A century after automakers showed the world the value of assembly-line manufacturing, a shortage of semiconductors is teaching the industry a painful new lesson in what it takes to build a car.
For most of its history, the industry has relied on a distinct approach to buying car parts, procuring components from suppliers right at the moment they are needed. It's referred to as just-in-time manufacturing and is designed to streamline production and eliminate the costs of keeping warehouses stocked with parts waiting to be used.
But the shortcomings of that system were made clear this year as the automakers faced a lack of the chips they need to build advanced functions into their vehicles and found themselves near the bottom of chipmakers' customer lists because of their just-in-time approach. That shortage is threatening to cut $110 billion in sales from the industry, and forcing automakers to overhaul the way they get the electronic components that have become critical to contemporary car design.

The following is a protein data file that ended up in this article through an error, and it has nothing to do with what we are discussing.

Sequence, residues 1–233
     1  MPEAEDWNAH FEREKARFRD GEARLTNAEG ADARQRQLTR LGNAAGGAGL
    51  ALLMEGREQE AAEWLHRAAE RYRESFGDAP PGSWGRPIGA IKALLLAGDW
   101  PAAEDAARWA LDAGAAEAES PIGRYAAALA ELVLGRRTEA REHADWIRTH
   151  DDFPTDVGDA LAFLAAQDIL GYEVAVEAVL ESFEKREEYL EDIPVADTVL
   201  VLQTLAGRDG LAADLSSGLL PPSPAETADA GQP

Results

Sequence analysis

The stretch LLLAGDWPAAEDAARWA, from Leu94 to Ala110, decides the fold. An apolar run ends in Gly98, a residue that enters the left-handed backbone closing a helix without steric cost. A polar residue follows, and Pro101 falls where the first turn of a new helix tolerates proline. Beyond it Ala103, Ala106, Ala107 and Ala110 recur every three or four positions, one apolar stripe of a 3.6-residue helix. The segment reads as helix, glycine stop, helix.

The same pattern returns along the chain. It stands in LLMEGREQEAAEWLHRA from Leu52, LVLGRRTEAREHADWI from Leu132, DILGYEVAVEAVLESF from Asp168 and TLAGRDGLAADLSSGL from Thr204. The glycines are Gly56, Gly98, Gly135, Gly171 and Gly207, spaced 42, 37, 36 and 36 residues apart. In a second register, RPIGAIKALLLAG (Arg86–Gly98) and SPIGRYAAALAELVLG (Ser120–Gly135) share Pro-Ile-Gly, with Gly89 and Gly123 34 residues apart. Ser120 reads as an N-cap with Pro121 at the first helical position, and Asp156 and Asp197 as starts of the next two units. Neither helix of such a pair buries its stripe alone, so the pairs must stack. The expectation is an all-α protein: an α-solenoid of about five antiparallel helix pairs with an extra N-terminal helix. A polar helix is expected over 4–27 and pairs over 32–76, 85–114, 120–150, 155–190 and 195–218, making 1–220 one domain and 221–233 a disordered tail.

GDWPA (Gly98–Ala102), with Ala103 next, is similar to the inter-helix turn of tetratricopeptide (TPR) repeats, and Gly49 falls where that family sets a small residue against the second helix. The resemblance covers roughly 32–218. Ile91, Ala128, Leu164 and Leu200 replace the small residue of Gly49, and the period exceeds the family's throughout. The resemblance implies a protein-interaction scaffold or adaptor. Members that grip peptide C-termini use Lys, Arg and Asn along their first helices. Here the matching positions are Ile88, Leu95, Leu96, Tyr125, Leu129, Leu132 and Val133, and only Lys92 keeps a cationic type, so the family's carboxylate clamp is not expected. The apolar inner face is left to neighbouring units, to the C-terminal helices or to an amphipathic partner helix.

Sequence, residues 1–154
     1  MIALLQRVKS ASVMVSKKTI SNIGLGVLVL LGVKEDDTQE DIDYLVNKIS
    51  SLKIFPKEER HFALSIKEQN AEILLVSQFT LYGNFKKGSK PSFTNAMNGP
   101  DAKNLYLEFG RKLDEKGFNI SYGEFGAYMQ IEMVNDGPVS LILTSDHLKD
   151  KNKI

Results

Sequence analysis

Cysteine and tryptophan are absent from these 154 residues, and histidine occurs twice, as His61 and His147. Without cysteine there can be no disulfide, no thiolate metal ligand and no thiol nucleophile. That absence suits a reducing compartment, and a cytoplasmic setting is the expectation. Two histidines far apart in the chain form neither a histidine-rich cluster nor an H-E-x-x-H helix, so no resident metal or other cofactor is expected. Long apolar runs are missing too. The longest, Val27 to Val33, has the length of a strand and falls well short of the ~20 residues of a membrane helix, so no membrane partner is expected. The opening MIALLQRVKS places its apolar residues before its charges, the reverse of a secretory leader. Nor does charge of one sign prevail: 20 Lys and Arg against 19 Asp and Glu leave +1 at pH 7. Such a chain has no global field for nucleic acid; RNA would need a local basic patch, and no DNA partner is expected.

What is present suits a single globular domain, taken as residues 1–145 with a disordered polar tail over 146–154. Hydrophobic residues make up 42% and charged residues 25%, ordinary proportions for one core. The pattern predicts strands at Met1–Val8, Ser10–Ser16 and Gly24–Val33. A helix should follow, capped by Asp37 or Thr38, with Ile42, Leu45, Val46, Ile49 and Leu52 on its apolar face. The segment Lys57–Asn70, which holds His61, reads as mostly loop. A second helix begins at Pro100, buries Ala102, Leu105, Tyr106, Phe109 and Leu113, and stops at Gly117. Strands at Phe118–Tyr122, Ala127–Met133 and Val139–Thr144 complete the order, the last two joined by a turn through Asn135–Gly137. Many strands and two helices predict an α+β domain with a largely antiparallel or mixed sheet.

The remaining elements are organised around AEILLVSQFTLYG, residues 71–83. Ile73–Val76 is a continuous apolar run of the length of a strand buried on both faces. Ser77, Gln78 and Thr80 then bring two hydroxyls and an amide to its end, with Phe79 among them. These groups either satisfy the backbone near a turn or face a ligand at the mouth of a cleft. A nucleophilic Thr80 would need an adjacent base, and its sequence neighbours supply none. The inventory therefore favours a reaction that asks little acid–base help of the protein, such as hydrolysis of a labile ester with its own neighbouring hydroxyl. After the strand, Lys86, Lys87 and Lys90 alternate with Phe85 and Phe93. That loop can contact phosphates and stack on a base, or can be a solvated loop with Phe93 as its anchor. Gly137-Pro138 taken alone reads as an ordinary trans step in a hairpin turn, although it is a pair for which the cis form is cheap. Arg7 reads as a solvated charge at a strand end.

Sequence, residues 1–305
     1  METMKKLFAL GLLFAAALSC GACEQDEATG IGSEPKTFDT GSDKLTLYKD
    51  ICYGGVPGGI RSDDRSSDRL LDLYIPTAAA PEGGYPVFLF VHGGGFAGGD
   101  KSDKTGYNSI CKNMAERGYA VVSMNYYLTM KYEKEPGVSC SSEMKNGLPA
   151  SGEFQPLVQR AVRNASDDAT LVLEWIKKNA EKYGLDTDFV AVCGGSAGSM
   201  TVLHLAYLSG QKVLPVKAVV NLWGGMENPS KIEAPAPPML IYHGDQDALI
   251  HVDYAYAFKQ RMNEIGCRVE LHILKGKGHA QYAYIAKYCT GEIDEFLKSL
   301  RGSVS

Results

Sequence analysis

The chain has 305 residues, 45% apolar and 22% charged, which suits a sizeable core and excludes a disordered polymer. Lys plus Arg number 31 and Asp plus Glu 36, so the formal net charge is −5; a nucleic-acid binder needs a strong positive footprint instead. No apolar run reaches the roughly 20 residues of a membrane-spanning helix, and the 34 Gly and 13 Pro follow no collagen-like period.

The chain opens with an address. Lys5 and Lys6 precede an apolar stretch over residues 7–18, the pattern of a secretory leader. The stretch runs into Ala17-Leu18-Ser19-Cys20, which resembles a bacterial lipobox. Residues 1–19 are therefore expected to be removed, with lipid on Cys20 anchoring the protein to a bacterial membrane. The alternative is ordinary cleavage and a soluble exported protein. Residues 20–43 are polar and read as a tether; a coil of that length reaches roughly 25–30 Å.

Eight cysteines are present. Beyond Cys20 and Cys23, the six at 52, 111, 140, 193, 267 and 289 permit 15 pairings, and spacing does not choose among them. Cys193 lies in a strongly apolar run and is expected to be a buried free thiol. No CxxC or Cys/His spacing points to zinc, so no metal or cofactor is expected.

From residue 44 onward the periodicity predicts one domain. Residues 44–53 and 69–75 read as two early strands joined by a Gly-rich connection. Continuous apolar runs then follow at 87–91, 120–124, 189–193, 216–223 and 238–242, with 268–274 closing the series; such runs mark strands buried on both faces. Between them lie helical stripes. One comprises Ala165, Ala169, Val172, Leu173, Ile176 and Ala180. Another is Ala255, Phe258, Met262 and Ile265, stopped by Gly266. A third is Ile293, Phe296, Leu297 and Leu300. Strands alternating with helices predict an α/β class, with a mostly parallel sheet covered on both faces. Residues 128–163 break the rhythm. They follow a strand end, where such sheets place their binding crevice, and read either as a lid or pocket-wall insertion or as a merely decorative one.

"Customers need to change," said Hassane El-Khoury, CEO of ON Semiconductor, which gets more than a third of its revenue from the automotive market. "That just-in-time mindset does not work."
Semiconductor makers are demanding guaranteed, long-term orders rather than the short-term flexibility the automakers are used to. The chipmakers' assertiveness, even under pressure from lawmakers, underscores the rebalancing of power from the automakers to those that provide the advanced technology that runs their cars.
As these components play a bigger role in everything from in-car entertainment to self-driving functions, chip manufacturers say they are willing to invest in expanding production to head off a repeat of shortages that have forced the industry to mothball factories and furlough workers -- if the automakers give them orders that cannot be canceled and commit to long-term agreements.